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CJI is Master of Roster, Has Sole Authority to Allocate Cases: SC

SC said CJI “occupies role of first among equals and has exclusive duty of allocating cases”.

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Video Editor: Vishal Kumar

Cameraperson: Sravya MG

Dismissing a plea filed by former law minister Shanti Bhushan challenging the existing roster practice of allocation of cases in the apex court by the Chief Justice of India (CJI), the Supreme Court on Friday, 6 July, said that the CJI “occupies role of first among equals and has exclusive duty of allocating cases”.

Refusing to interfere with the PIL, the apex court held that there was no dispute that the CJI alone was master of the roster, and that it did not make sense for the task of allocation of cases to be performed by a collegium of five judges. The bench of Justices AK Sikri and Ashok Bhushan also clarified that there was no need for laying down any guidelines for the exercise of the CJI’s powers.

Arguments had concluded in the case on 27 April, and the verdict reserved by the bench.

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The PIL by Shanti Bhushan

In his PIL, Shanti Bhushan had alleged that the CJI’s power as "master of roster" could not be an "unguided and unbridled" discretionary power, exercised arbitrarily by the CJI by hand-picking the benches of select judges or by assigning cases to particular judges.

Senior counsel Dushyant Dave and advocate Prashant Bhushan, who had appeared for Shanti Bhushan, had questioned the manner in which some "sensitive cases" were allocated to particular benches in the court in contravention of the rules.

Dave had referred to constitutional provisions and the Supreme Court Rules and said that there was "ambiguity" in the rules as to whether the CJI possessed the power to frame the roster.

The petitioner had also made it clear that the plea and its prayer was to strengthen the court and was not directed against any individual.

He, therefore, asked the Supreme Court to issue directions on how the power, as master of the roster, would be exercised on the following lines:

  1. That listing of Supreme Court cases be strictly on the basis of the Supreme Court Rules 2013 and the Handbook on Practice and Procedure and Office Procedure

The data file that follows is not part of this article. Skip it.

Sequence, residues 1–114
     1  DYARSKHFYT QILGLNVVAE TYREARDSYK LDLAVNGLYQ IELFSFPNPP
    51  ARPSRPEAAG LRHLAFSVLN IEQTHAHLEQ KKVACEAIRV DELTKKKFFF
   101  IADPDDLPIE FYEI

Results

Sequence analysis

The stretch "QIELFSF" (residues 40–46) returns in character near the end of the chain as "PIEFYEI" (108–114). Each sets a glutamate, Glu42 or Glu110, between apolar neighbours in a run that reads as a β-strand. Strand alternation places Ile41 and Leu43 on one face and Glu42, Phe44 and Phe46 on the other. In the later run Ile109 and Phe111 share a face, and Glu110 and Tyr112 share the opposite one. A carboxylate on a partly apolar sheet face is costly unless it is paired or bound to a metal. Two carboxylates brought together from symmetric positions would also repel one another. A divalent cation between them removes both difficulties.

2. That in interpreting the Rules and Handbook, the powers vested in the CJI should be construed as lying with not just the CJI but a collegium of five senior judges of the Supreme Court.
  3. That the CJI be prevented from listing matters in a different manner from that specified in the Rules and Handbook.

The petition assumes significance in light of the 12 January press conference where four senior-most judges of the top court – Justices J Chelameswar (since retired), Ranjan Gogoi, Madan B Lokur and Kurian Joseph – had said the situation in the top court was "not in order" and many "less than desirable" things have taken place.

Objections by Attorney-General

Attorney-General KK Venugopal, requested by the Court to provide his opinion, had strongly opposed the petition, saying that any attempt to delegate the power of allocation of cases to other judges would lead to "chaos".

During the arguments, Venugopal had stressed the need for "unity" among the judges of the top court and said that Bhushan's petition to vest the power to allocate cases to the five-member collegium might lead to "conflict" among judges on who would hear which matter, besides multiplicity of authorities.

"It is essential that there should be one person doing this and if it has to be one person, then it has to be the CJI," the Attorney-General had told the bench.

The judges, who wrote separate but concurring judgments, agreed with these submissions and rejected the contentions of Bhushan. In his judgment, Justice Sikri notes:

“Although Constitution is silent on the role of CJI as the master of roster, it is based on healthy practice to maintain discipline and decorum of the Court.. CJI has authority to allocate cases and need not consult other judges.”

(With inputs from PTI.)

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